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Stamford businesses upbeat for town future despite a turbulent year

Every business owner will have their own story to tell on what life has been like under Covid-19 restrictions, each one of them different.

Some businesses have been forced to close for much of the year, others have had to remain open as essential services, even while shoppers are encouraged to stay away from town centres.

Yet amid the hardship and sacrifice, there has been enterprise, and for those willing and able to adapt, there has been some success.

We asked some for their experiences and their forecasts for the future.


Jo Peck, head of development at Stamford Endowed Schools, with Sarah Sewell owner of Energy Clothing (45423455)
Jo Peck, head of development at Stamford Endowed Schools, with Sarah Sewell owner of Energy Clothing (45423455)

Sarah Sewell has run Energy Clothing in Ironmonger Street since 1996, and is an active member of independent group, #ShopStamford.

“I am here every day apart from Sunday doing click and collect, and we’ve been really busy.

“I was able to furlough two members of staff so it’s been just me doing it. I’m working really hard to get out what I can.

“Every lockdown I have developed the business in another new way.

“I’ve been doing lots of social media and virtual shopping and it’s working really well and we’re gaining customers from that.

“Just keeping that social media presence keeps you in the minds of your customers so I started doing videos on social media showing off the stock.

“Video content and Facebook have been really important so we’ve developed the website a little bit more.

“On Fridays I do Facebook Live and do videos trying things on - I’ve lost all my inhibitions!

“So there are ways to get money in, even when the doors are closed.

“Stamford town centre is quite a social place and people are really missing that interaction.

“People come and get their hair done, have a walk around the shops.

“I don’t think we will lose that, we just need to keep promoting small independents.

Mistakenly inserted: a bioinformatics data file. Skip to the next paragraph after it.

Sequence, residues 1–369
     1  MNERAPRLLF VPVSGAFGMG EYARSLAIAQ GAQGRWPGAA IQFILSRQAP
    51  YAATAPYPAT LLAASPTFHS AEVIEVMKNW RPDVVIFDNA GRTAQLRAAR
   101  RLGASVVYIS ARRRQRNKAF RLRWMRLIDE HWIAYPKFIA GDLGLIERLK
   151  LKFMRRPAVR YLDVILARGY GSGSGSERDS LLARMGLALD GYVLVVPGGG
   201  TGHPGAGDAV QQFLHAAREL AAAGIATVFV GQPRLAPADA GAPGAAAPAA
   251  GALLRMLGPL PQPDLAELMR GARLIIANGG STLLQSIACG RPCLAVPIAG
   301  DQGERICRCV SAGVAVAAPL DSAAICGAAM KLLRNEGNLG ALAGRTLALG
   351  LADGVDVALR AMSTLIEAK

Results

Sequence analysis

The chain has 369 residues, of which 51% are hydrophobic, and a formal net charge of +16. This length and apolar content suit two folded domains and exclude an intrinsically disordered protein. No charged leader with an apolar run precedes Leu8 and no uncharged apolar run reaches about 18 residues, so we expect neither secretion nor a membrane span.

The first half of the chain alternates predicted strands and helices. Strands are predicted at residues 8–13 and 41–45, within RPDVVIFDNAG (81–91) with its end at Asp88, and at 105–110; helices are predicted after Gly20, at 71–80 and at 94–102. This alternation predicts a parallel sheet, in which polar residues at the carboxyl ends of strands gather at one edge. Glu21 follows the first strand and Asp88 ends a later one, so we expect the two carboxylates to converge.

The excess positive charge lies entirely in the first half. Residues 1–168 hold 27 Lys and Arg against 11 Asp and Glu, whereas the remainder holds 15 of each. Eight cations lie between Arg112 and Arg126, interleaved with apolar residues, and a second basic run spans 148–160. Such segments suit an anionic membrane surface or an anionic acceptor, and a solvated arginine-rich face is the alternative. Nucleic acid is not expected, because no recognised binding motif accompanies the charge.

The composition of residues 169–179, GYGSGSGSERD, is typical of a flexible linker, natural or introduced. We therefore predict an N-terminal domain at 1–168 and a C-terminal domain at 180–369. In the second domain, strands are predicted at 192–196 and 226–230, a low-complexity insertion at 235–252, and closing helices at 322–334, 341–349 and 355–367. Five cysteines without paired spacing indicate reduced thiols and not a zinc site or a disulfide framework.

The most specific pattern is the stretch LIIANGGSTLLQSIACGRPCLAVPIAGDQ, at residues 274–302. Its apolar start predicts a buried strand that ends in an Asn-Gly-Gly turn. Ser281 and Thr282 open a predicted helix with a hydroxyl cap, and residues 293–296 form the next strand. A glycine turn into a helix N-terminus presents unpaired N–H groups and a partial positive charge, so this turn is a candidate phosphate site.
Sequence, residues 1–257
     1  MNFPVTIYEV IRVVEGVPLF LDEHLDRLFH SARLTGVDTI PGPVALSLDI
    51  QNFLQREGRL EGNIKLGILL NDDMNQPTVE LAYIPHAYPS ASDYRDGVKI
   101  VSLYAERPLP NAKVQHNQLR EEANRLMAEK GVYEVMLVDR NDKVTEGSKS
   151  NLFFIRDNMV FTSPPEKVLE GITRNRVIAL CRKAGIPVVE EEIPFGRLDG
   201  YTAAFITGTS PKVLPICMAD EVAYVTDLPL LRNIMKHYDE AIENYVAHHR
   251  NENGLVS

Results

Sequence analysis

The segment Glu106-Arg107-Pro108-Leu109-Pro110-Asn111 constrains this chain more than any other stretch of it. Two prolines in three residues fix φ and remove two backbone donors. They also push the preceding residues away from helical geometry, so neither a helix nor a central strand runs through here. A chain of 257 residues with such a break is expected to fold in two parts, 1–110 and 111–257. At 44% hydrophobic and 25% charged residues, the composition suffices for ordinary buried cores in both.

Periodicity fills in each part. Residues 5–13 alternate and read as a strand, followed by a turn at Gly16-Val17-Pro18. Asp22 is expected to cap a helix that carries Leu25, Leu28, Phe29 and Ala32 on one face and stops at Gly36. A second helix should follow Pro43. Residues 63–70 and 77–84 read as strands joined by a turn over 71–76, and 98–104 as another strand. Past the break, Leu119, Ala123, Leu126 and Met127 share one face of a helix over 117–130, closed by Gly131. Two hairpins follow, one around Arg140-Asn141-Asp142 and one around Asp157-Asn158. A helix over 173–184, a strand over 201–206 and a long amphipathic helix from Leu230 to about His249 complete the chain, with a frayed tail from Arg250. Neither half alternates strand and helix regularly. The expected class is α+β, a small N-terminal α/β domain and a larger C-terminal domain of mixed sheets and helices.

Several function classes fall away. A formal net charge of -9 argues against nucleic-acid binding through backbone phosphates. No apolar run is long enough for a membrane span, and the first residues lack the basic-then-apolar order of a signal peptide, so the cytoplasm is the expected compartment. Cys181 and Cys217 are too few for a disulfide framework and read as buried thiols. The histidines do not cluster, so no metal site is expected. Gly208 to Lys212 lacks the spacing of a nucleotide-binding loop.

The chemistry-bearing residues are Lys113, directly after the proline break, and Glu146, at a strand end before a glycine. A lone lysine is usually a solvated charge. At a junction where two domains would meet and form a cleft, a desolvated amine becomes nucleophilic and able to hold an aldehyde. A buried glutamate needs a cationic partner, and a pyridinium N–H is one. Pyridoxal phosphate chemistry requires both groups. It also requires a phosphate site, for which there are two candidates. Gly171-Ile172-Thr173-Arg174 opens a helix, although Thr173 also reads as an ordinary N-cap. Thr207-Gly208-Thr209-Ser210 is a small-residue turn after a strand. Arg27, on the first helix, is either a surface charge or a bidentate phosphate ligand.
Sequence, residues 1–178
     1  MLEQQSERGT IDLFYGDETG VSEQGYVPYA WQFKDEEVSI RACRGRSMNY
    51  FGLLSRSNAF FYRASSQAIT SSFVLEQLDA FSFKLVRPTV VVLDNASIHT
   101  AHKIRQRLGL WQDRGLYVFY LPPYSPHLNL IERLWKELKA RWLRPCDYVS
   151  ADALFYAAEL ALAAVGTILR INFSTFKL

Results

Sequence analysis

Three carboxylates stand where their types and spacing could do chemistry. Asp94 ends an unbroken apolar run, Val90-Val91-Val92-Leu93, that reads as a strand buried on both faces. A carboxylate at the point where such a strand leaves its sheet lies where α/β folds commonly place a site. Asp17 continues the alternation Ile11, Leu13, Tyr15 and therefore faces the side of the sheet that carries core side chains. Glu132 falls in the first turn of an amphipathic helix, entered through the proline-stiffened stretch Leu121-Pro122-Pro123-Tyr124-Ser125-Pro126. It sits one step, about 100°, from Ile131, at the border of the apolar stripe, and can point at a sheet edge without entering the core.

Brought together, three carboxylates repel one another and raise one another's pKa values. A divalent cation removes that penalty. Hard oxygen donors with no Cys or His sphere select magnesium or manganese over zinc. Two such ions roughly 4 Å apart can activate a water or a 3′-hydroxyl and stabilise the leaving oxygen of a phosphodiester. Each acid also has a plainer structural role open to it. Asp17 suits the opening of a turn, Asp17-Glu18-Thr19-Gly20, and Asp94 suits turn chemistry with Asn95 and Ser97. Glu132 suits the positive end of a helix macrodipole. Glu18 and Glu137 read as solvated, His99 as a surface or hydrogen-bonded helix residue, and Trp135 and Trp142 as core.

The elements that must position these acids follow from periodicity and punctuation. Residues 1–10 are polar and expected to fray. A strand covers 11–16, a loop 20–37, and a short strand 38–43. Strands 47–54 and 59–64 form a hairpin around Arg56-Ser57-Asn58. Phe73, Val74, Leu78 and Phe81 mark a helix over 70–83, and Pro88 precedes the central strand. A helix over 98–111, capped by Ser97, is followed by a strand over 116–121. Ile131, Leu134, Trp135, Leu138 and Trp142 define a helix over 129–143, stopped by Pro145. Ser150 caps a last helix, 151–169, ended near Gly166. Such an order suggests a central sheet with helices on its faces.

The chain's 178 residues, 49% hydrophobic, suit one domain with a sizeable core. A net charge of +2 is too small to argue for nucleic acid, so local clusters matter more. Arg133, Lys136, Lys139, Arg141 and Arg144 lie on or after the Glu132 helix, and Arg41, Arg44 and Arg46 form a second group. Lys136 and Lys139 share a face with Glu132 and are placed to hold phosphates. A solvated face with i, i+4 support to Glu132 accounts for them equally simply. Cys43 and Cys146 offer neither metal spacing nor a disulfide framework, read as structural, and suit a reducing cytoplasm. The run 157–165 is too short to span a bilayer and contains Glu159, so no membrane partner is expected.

“We desperately need to be open in time for summer with no restrictions on the number of customers. Stamford is brilliant in summer.

“We are still getting new spring and summer stock so we’re sitting on quite a lot of autumn and winter stock.

“As a business we are just floating, we are not making money, just paying the bills for the shop, while the bank balance is going down and down.”


Stephen Alcock took over the Kings Head pub in Maiden Lane, Stamford, with his wife Annie Wilson in May 2016, and launched a new business Stamford Beers Direct last summer, to run alongside the pub.

“Each business has its own challenges,” Stephen said.

“We have lost a considerable amount of money, but we were always sensible with our profit margin.

“Whatever profit we had we invested in the business or put it to one side for a rainy day. And then it started to bucket down!

“I have always been confident we will bounce back. In Stamford we are fortunate that everyone is supported so well.

“Every pub has their core demographic and we have a loyal clientele so I don’t think we will have problems with people returning.

“Our small size works to our advantage in these times.

“The hospitality industry has taken an enormous amount of limelight in the trouble we are having during lockdown, but you also have to think about the effects on the beer manufacturers, the breweries, the cleaning companies.

“The ripple effect of pubs closing is massive and goes beyond hospitality.

“I think rent on the high street is a bit unrealistic for the current climate.

“Some really big brands like Clarks have cut loose and if they can’t make it work, it puts off the grassroots businesses from even contemplating that move.”


As the owner of Pets Korner, in Stamford Walk, and in Oakham, Sandra Sharpe has had to keep her shops open as essential services despite a big drop-off in customers through the door.

“We haven’t been getting the footfall we would normally get, but we do offer a delivery service and have picked up a few more customers through that.

“Some of our customers are elderly and delivering to them allows us to make sure they are OK which is nice.

“We close a little bit early because after 4pm there’s nobody in town - we just divert the shop phone to our mobiles.

“But we have a fairly loyal customer base and a lot of people have bought puppies in lockdown and need the things that come with that so we have picked up new customers there as well.

“We are not where we should be, but we are managing to pay our bills so it’s not as bad as some businesses are finding things.

“On one side we don’t want to have too many customers in the shop because we want people to stay safe, but on the other hand we do.

“I think overall we should be fine - we can just hope can’t we?

“When shops reopen people will come back to using them - I think people are desperate to go out and shop. They have missed out on retail therapy for such a long time.

“I think people have come to realise how important it is to support your local shops.”

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